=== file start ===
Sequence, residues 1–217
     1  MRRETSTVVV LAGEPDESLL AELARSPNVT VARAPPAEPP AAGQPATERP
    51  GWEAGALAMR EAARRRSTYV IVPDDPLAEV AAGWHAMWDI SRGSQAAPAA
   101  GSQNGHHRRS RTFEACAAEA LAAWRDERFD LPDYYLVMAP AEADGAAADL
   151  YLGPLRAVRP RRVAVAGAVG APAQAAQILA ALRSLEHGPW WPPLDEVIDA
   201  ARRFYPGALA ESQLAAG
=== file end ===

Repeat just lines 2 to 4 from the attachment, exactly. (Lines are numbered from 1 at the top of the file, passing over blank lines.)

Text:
     1  MRRETSTVVV LAGEPDESLL AELARSPNVT VARAPPAEPP AAGQPATERP
    51  GWEAGALAMR EAARRRSTYV IVPDDPLAEV AAGWHAMWDI SRGSQAAPAA
   101  GSQNGHHRRS RTFEACAAEA LAAWRDERFD LPDYYLVMAP AEADGAAADL